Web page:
Project Citizen is a civics education program developed and promoted throughout the U.S. by the Center for Civic Education. The federal government recommended the program to the education ministries in Latvia and Lithuania. The Social Studies Development Center at Indiana University assisted those countries with implementation, and asked the Center to design and oversee evaluation, including an examination of the project in Indiana. Instruments, instructions, and organization had to be coordinated in Lithuanian, Latvian, Russian, and Polish to accommodate the two Baltic nations.
Most of CEEP’s projects are of a less esoteric nature than this one. The group has published dozens of policy briefs on the school choice voucher program, charter schools, school consolidation, referendums, the property tax cap amendment and every other major education issue that’s come up in recent years. Continue Reading →
Republicans control both houses of the Indiana General Assembly and a small handful of conservative lawmakers were behind nearly all of the controversial legislation from last legislative session. These senators and representatives are the power players. They are the movers and shakers when it comes to education policy in Indiana.
We bring you the list of the top lawmakers in the state of Indiana based on their record of passing major laws. These are the people to look to this session when it comes to proposing and passing legislation.
A few Democrats have been included on this list. Some of them worked with the Republicans on certain policies. Some of them were vocal opponents of the Republican legislative platform.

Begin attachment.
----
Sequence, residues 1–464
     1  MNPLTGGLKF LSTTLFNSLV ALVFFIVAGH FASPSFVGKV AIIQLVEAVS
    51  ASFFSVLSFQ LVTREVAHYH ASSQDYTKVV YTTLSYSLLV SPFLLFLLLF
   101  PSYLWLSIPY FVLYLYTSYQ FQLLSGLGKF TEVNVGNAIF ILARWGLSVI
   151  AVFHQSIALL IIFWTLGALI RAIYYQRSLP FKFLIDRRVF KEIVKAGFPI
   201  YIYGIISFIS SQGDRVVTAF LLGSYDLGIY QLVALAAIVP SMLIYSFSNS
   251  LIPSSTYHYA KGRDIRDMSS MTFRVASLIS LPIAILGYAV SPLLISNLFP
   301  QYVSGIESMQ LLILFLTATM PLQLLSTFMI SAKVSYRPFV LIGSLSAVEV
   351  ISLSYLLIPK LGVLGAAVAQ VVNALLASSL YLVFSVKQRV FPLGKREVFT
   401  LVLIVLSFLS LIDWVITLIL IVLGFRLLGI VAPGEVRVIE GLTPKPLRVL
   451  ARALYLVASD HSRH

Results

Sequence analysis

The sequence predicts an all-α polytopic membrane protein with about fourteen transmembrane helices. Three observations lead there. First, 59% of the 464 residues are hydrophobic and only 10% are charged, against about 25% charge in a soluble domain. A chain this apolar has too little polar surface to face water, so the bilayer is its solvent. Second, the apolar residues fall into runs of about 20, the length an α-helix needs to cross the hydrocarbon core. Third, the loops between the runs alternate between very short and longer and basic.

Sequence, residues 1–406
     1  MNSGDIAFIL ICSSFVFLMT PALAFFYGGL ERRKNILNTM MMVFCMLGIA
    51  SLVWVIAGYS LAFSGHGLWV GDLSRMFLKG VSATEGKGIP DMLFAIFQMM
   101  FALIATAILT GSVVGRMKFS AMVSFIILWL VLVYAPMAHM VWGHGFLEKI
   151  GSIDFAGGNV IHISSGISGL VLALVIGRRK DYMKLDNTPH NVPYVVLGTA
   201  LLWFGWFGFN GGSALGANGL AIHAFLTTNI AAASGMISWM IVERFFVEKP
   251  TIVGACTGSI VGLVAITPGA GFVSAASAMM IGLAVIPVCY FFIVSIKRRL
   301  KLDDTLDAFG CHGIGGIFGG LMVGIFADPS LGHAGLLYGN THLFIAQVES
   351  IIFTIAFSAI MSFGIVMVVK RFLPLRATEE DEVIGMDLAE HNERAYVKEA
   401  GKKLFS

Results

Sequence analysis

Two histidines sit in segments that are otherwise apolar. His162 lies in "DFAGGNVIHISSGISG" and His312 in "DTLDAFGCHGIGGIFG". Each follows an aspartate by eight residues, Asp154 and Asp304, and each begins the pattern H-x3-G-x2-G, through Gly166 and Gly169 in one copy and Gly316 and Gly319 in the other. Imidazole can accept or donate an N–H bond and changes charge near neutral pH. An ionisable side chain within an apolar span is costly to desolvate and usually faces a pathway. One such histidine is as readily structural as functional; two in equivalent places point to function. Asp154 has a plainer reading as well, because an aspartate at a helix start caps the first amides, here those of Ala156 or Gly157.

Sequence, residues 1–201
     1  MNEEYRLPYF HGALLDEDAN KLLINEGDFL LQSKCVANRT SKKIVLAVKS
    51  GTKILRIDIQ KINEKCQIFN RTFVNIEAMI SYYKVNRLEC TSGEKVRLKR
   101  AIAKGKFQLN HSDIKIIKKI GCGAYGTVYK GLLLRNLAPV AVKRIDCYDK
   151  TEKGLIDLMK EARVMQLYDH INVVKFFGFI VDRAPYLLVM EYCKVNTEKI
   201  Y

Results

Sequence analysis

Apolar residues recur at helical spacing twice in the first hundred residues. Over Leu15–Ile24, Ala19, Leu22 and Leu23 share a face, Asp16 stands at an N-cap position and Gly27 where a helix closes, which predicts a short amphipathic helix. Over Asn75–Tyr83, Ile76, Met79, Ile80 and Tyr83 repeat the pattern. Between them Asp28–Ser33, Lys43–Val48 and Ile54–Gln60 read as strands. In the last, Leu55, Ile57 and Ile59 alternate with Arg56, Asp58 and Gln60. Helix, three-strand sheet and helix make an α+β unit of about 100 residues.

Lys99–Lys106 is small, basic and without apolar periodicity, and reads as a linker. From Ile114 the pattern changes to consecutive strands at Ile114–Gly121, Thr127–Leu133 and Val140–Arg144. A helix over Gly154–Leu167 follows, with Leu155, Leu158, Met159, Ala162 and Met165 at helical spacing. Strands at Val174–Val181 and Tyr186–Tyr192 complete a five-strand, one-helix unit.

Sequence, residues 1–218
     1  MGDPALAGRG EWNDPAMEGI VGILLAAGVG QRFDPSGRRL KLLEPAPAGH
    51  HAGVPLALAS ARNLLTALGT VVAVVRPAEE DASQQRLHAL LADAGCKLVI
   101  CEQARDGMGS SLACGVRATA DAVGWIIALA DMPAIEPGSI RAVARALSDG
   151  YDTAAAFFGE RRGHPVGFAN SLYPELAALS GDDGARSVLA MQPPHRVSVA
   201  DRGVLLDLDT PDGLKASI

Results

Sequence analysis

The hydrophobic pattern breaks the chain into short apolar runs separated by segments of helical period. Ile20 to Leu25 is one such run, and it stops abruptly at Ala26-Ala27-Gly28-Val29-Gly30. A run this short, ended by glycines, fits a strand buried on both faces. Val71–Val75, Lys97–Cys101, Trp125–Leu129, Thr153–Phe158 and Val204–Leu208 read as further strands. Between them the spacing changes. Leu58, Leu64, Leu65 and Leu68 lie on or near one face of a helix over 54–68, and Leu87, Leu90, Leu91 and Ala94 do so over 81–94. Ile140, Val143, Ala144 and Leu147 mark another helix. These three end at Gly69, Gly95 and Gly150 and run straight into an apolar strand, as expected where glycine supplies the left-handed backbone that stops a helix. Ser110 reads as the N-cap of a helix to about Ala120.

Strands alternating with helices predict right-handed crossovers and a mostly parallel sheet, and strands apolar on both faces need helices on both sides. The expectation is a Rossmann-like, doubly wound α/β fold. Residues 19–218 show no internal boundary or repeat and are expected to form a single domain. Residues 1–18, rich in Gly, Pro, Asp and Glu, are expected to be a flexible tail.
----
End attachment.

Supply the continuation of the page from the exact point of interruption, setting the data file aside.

Robert Behning (R-Indianapolis), Education Committee Chair
State of Indiana
Robert Behning chairs the powerful Education Committee in the Indiana House of Representatives. His name is attached to nearly every piece of controversial education legislation proposed last year, including several bills cited as the cause of last session’s Democratic walkout.
Behning has long been a staunch advocate of private and charter schools. On his statehouse profile, he acknowledges working with the American Legislative Exchange Council, a conservative organization which drafted a number of pieces of model school voucher and charter school legislation. Much of that work has since become law in states like Indiana, Ohio, and Florida.
Teachers and union workers came together last legislative session to protest bills that put limits on the collective bargaining process. Along with teachers, the ISTA was able to work with other groups like the American Federation of Labor and The United Autoworkers in organizing these demonstrations.